AMERICAN POP -- AMC Academy, AMC Skyline, Aspen Hill, Embassy Circle, NTI Springfield Cinema, NTI Tysons Center, NTI White Flint and Showcase Fair City Mall.

Although it's done in animation, "American Pop" is a serious film that recounts the strivings of four generations of an American family.

It is the animation, in fact rather than the story line that makes the strongest point about American Pop culture. Ralph Bakshi, whose ventures in advanced animation include the X-rated "Fritz the Cat" and the leaden "Lord of the Rings," has used a variety of styles, from the plump heroes and dark thundering villains of cartoon fairy tales to impressionistic views of fields and highways from unusual levels and speeds.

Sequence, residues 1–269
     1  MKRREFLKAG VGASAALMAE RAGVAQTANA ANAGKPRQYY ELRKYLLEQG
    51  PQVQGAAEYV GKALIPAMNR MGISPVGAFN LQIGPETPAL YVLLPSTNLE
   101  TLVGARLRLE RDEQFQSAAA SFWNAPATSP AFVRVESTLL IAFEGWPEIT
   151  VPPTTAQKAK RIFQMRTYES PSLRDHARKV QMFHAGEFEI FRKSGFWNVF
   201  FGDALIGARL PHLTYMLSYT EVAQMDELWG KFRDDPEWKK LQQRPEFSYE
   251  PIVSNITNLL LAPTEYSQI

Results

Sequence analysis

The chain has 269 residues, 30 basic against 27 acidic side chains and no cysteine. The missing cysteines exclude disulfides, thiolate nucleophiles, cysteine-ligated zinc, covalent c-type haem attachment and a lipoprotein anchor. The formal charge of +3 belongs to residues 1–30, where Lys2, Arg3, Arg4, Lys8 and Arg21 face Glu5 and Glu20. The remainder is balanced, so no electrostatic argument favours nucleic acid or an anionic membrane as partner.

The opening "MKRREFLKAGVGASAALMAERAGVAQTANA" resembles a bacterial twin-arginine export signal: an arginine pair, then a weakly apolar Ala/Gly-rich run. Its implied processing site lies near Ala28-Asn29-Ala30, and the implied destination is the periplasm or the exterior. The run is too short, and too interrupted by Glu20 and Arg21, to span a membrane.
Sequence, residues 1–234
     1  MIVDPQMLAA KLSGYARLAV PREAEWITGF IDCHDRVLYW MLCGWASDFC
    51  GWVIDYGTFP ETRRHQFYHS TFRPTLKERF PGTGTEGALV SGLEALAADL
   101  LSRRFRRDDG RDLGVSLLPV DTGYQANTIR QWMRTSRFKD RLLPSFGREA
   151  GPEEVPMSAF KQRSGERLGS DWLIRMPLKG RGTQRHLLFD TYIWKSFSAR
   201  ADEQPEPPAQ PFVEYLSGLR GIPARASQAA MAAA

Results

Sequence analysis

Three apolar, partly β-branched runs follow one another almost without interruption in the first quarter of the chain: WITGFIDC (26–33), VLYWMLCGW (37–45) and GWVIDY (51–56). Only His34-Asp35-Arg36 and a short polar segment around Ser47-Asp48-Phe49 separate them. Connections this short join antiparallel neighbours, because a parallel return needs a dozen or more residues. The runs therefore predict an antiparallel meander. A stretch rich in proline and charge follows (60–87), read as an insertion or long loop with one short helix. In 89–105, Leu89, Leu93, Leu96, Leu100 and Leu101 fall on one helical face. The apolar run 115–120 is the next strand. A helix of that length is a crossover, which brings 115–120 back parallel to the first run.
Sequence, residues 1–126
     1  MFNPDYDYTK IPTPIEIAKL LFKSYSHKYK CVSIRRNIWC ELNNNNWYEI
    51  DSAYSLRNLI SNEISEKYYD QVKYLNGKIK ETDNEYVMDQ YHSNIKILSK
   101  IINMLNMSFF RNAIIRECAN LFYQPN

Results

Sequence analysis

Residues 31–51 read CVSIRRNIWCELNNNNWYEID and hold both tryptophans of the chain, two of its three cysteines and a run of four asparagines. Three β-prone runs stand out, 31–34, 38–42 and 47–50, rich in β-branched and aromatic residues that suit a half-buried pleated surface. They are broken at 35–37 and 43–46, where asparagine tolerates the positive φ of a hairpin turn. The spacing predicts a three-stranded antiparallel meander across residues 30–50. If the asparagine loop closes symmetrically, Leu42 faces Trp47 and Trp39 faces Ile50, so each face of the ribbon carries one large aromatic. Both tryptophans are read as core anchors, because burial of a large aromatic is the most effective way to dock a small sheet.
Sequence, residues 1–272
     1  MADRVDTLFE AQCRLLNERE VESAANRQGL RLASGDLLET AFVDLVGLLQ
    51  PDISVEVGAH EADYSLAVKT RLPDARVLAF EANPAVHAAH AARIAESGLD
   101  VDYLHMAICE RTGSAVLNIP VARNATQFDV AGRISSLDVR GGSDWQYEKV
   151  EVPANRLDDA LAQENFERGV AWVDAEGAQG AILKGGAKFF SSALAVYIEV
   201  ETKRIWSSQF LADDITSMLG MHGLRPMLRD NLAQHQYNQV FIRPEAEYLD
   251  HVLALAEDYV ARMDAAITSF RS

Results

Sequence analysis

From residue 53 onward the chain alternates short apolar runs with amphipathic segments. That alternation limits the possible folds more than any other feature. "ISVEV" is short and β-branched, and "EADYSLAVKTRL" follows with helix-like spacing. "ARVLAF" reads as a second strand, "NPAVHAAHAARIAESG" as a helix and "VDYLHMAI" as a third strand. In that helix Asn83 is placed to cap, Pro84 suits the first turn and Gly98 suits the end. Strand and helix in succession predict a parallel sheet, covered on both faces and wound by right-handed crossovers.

"American Pop," while employing the American myth of the journey from ghetto to fame and fortune, does so without using a simple upward curve.

In the first generation, a fugitive from Russian programs comes to America. His drive and flair take him to success through show business, but then to an involvement in Prohibition gangsterism and into federal prison. His son, born to comfort, has lost that ambition but retains a sense of indebtedness to America. When the father tries to prevent his going off to World War II by saying "I gave at the office," the son replies, "But you took, too."

In the third and fourth generations, there is a return to illegality, this time in the drug trade. But while the immigrant's grandson succumbs to purposelessness and drug addiction, the representative of the present generation achieves a cynical but workable synthesis. He uses his connections as a pusher to get himself a showcase as a performer, completing the pattern of the original American, whose show business success dragged him into the underworld.

The occasional use of real people on old film is jarring. But cumulatively, the effect is the strength of American pop to convey American mythology.